Although gay, lesbian, and queer theory are related practices, the three terms delineate separate emphases marked by different assumptions about the relationship between gender and sexuality.
The Harlem Renaissance, an African-American literary movement of the 1920s and 1930s, included several important gay and lesbian writers.
Oscar Wilde is important both as an accomplished writer and as a symbolic figure who exemplified a way of being homosexual at a pivotal moment in the emergence of gay consciousness.
Langston Hughes, whose literary legacy is enormous and varied, was closeted, but homosexuality was an important influence on his literary imagination, and many of his poems may be read as gay texts.
Conflicted over his own sexuality, Tennessee Williams wrote directly about homosexuality only in his short stories, his poetry, and his late plays.
Erotic and pornographic works have been written in many cultures since ancient times and recently have flourished with the relaxation of censorship.
Feminist literary theory is a complex, dynamic area of study that draws from a wide range of critical theories.
James Baldwin, a pioneering figure in twentieth-century literature, wrote sustained and articulate challenges to American racism and mandatory heterosexuality.
Gov. Mark Dayton signed the bill into law.
On May 13, 2013, on a 37-30 vote, the Minnesota Senate passed the marriage equality bill that had previously been passed by the House. On May 14, Governor Mark Dayton signed the bill into law during a ceremony held on the steps of the capitol building. Minnesota has thus become the twelfth U.S. state to extend equal marriage rights to gay and lesbian couples.
After a low-key but occasionally moving four-hour debate, the Democratic-controlled Senate voted on May 13, 2013 to adopt the marriage equality bill that the House adopted on May 9, 2013. Although the 37-30 Senate vote was actually closer than the 75-59 vote in the House, there was little doubt as to its outcome. Those who opposed the bill seemed resigned to its passage, but resentful that some considered them bigots for opposing equal rights.
The opponents attempted to amend the bill to extend religious exemptions to individuals and organizations, but the amendment would have seriously weakened the state's Human Rights Act, which forbids discrimination on the basis of sexual orientation. The amendment was rejected on a 26-41 vote.
Three Democrats voted against marriage equality and one Republican, Branden Petersen, voted in favor.
Petersen represents a conservative district that voted in favor of the proposed constitutional amendment to ban same-sex marriage that failed state-wide in November 2012. Noting that he is uncertain of his future in politics, he declared that he had chosen to stand on the side of liberty.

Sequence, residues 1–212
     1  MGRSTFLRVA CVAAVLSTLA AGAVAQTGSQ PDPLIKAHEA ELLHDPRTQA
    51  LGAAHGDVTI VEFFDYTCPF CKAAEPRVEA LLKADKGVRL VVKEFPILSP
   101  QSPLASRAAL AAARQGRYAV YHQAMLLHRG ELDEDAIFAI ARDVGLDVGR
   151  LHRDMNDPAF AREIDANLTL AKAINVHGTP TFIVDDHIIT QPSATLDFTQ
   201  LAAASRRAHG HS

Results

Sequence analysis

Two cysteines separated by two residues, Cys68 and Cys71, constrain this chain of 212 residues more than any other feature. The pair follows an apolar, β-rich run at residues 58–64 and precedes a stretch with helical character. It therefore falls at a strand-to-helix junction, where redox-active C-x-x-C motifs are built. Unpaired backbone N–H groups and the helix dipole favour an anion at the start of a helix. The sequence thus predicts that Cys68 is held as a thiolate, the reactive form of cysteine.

One of the most moving speeches in the debate came from Senator Jeff Hayden, a black legislator married to a white woman. Saying "It's historic and I can never be so proud of this body and of Minnesotans," Senator Hayden noted that his marriage would have been illegal in some states just 50 years ago.
In an emotional speech, Senator Patricia Torres-Ray spoke in Spanish to explain her support for marriage equality.
Senator Majority Leader Tom Bakk spoke movingly of a pastor who had over the years been very supportive of his family and had married hundreds of couples but was unable to marry himself because he was gay.
But the most stirring speech of the debate came from openly gay Senator Scott Dibble, who was the lead sponsor of the bill. He quoted a passage from gay African-American poet Langston Hughes and said that he and his partner, who were married in California in 2008, would remain strangers in the eyes of Minnesota law unless the bill were passed.
Although some opponents of marriage equality gathered outside the Senate with signs saying "Vote No" and "Don't Erase Moms and Dads," the large majority of the crowds in the gallery and waiting outside the chamber were supporters of marriage equality, who were in a celebratory mood. They greeted Senator Dibble with loud cheers as he arrived at the Capitol.
As marriage equality supporters filed into the Capitol Rotunda in advance of the Senate debate, they sang "America the Beautiful."
Upon learning the results of the vote, marriage equality supporters chanted thanks to the legislators.
On May 14, after Governor Dayton signed the bill into law before thousands of Minnesotans gathered on the steps of the state capitol, he embraced Senator Dibble and Representative Karen Clark, the openly gay legislators who were the lead sponsors of the bill.
The bill takes effect on August 1, 2013.